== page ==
Summary: Are you like Herod - haunted by your sins but you don't catch on that your hope is in Jesus?
No doubt I now grew very pale; --but I talked more fluently, and with a heightened voice. Yet the sound increased --and what could I do? It was a low, dull, quick sound --much such a sound as a watch makes when enveloped in cotton. I gasped for breath --and yet the officers heard it not. I talked more quickly --more vehemently; but the noise steadily increased. I arose and argued about trifles, in a high key and with violent gesticulations; but the noise steadily increased. Why would they not be gone? I paced the floor to and fro with heavy strides, as if excited to fury by the observations of the men --but the noise steadily increased. Oh God! what could I do? I foamed --I raved --I swore! I swung the chair upon which I had been sitting, and grated it upon the boards, but the noise arose over all and continually increased. It grew louder --louder --louder! And still the men chatted pleasantly, and smiled. Was it possible they heard not? Almighty God! --no, no! They heard! --they suspected! --they knew! --they were making a mockery of my horror!-this I thought, and this I think. But anything was better than this agony! Anything was more tolerable than this derision! I could bear those hypocritical smiles no longer! I felt that I must scream or die! and now --again! --hark! louder! louder! louder! louder!
"Villains!" I shrieked, "dissemble no more! I admit the deed! --tear up the planks! here, here! --It is the beating of his hideous heart!"
“The Tell-tale Heart,” Edgar Allen Poe
Yet here’s a spot.
Out, damned spot! out, I say! – One: two: why, then ‘tis time to do’t. – Hell is murky! – Fie, my lord, fie! a soldier, and afeard? What need we fear who knows it, when none can call our power to account? – Yet who would have thought the old man to have had so much blood in him.
The Thane of Fife had a wife: where is she now? – What, will these hands ne’er be clean? – No more o’ that, my lord, no more o’ that: you mar all with this starting.
Here’s the smell of the blood still: all the perfumes of Arabia will not sweeten this little hand. Oh, oh, oh!
Wash your hand, put on your nightgown; look not so pale. – I tell you yet again, Banquo’s buried; he cannot come out on’s grave.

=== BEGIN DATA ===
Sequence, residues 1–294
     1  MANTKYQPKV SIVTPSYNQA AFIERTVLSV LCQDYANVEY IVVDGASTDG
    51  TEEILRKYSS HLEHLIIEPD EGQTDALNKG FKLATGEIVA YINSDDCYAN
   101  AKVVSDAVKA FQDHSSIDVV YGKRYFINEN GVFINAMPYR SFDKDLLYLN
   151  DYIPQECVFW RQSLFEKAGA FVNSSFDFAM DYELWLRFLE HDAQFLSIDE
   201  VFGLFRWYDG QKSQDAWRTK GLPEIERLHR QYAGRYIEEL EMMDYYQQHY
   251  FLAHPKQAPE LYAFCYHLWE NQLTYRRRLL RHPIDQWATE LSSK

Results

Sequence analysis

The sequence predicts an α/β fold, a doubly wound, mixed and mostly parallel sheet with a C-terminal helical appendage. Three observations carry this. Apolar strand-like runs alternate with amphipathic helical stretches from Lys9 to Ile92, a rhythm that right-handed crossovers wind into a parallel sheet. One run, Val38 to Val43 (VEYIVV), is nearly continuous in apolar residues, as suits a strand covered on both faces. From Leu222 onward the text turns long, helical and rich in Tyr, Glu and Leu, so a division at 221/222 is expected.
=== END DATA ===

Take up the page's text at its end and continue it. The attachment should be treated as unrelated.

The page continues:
Lady Macbeth in Macbeth, Act V, Scene I, William Shakespeare
There is nothing like guilt to haunt a person. Guilt haunts the major character in our passage – Herod.
Our previous passage related the mission trip of Jesus’ disciples. They had been sent throughout the area of Galilee preaching, casting out demons, and healing, all in Jesus’ name. Jesus’ fame grows even greater and now arouses the attention of Herod: 14 King Herod heard about this, for Jesus’ name had become well known.
Speculation about Jesus, of course, runs rampant, and Mark gives us some of the alternatives people were proposing.
Some were saying, “John the Baptist has been raised from the dead, and that is why miraculous powers are at work in him.”
15 Others said, “He is Elijah.”
And still others claimed, “He is a prophet, like one of the prophets of long ago.”
John the Baptist has been raised from the dead. That seems an odd choice. First of all, John and Jesus were contemporaries. Indeed, they were cousins and surely no more than two years apart, piecing together Matthew’s and Luke’s birth narratives. But though you and I know that, not everyone else at that time did. According to 1:14, Jesus does not begin his ministry in Galilee until after John is imprisoned. As far as many people are concerned, Jesus appears out of nowhere after John’s death, or at least after he disappears. Remember also that there is no news media or modern communications systems. News travels by hearsay for the common people.
Taking this into account, why would they believe that Jesus was John raised from the dead? Resurrections were not common occurrences, especially for men beheaded. Again, not everyone would have known that John was beheaded or at least known for sure. More than likely, the authorities did not send out a public announcement. But this rising from the dead – how do they come up with that? It rises out of Jewish hopes of a new age to come.
All along, the Jews have hoped for the Messiah to come who would redeem Israel from her enemies and establish God’s kingdom in peace and prosperity. But it is in the period of about 200 B.C. to 100 A.D. that their hopes were especially intensified. This period is noted for a particular category of writings called “apocalyptic.” These writings spurred the hope of many Jews in a Messiah who would come in great power to usher in God’s kingdom. The writings were not cohesive; they did not always agree and there were many conflicting ideas about the Messiah and what the times would be like when he came. But they generally agreed that his coming would be preceded and accompanied with miraculous signs. What greater sign is there than a resurrection, especially a resurrection, because the final age included the resurrection of the righteous? John rising from the dead would signify that he is either the Messiah or the one who prepares the coming of the Messiah.